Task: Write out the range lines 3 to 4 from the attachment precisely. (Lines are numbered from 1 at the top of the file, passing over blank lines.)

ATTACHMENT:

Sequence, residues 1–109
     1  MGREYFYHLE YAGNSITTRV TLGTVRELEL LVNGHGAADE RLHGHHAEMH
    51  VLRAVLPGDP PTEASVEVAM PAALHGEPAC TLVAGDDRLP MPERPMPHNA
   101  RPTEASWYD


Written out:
    51  VLRAVLPGDP PTEASVEVAM PAALHGEPAC TLVAGDDRLP MPERPMPHNA
   101  RPTEASWYD